I came across this book in the local library, attracted by the title and the cover illustration of what looked like a Grand Union lockside. Its one of a series of seven by the same author all with “girls in wartime” plot lines and purports to be a work of fiction about three young girls from middle-class backgrounds who work a pair of boats for the Grand Union Canal Carrying Company during the Second World War, carrying essential cargoes between London and the midlands. .
If that sounds familiar, then so it should. The canal company participated in a government scheme to encourage women to take to the boats to provide replacements for boaters who had joined the armed forces. The war had brought a sudden upsurge in freight traffic and although the boats were available to carry it, the crews were not.
Although the number of women involved in the scheme was never large, many of them seem to have left a written record of their experiences and if you’ve read just one of their books you’ll have a pretty good idea of what to expect from “Boat Girls”
Having already read “Amateur Boatwomen” (Eily Gayford), “Troubled Waters” (Margaret Cornish) and “Maidens Trip” (Emma Smith) I found “Boat Girls" eerily familiar. The characters – and most of the plot – appears to have been taken directly from one or other of these works, with some additional material from Tim Wilkinson’s “Hold on a Minute”
The author acknowledges the “help” of these authors - and canal historian and ex-boatman David Blagrove – but I’d say they did more than help – they virtually wrote the book!
The boaters are at first suspicious and unfriendly, but the girls gradually win them round. They make enemies of one particular crew, but win their respect by standing up to them. One of the girls has a brother who is a “high ranking officer in the RAF” and who comes to visit, risking scandal amongst the canal community. They make a crack of dawn start to get ahead of another boat; but lose the advantage when wire on the prop brings them to a stop . At Christmas they eat a miserable Christmas Dinner in a gloomy hotel and so on and so on.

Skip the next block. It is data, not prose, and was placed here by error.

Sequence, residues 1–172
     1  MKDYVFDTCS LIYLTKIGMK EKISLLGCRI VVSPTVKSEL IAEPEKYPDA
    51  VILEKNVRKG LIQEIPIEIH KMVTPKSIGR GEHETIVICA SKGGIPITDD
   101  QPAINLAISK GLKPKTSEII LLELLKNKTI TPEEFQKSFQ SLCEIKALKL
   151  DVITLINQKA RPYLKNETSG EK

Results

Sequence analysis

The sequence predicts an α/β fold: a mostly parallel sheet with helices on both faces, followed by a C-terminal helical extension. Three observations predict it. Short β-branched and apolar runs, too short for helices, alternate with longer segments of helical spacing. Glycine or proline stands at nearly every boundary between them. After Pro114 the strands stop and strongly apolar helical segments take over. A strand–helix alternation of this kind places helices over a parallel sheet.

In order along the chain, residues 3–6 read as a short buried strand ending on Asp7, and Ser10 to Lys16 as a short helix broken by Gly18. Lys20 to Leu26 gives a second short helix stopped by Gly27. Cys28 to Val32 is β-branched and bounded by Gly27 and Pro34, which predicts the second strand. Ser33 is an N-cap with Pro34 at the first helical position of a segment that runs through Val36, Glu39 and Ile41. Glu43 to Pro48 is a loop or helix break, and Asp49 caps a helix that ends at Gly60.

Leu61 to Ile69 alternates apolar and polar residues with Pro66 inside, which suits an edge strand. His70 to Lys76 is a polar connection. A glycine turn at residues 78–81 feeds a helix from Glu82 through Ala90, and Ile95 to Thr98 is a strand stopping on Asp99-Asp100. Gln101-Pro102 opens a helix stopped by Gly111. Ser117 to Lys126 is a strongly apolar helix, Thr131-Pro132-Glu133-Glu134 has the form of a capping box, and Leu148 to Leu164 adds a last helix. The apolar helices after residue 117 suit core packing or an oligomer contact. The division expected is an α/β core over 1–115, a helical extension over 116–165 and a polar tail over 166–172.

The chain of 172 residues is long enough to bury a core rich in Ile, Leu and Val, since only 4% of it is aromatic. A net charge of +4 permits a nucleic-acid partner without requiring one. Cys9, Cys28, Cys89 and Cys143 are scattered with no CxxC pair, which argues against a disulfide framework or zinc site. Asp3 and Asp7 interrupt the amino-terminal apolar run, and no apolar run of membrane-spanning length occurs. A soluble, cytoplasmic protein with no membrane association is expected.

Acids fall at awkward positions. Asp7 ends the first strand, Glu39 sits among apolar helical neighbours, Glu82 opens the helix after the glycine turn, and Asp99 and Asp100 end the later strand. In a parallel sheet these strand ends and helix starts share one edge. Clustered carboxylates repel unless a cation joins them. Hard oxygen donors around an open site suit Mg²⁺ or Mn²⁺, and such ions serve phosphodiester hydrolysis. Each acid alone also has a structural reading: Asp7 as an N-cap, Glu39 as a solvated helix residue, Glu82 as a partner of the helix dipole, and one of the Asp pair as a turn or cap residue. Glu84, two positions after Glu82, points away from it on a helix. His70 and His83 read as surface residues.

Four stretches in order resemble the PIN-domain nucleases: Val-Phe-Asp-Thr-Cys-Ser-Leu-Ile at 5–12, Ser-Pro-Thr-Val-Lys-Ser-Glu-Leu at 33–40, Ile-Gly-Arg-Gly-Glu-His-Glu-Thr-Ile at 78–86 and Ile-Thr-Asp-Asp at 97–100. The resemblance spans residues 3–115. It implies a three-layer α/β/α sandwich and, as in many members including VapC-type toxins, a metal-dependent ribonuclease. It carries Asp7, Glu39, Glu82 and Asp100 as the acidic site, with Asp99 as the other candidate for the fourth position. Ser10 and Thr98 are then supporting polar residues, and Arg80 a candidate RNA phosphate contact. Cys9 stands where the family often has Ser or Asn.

They teach a boater’s child to read and help another get medical assistance for a sick child. They steal from a lock keepers secret stash of coal when their own stock is exhausted: every one of these incidents occurs in one or other of the autobiographical accounts by the real boat girls. The book even ends by moving forward 50 years in time when a one of the girls has a lockside confrontation with a present-day hire boater, just as Margaret Cornish really did in "Troubled Waters".
To be fair, Mayhew does acknowledge the assistance of Gayford, Smith and Cornish as well as David Blagrove, but I wonder if they realised just exactly how much they had "helped" in this work.
If you’ve already read the other books (and if not, you should do) you’ll find nothing new in this one but, like me, I feel you’ll be amazed at the effrontery of Mayhew's approach and wonder how she got away with it.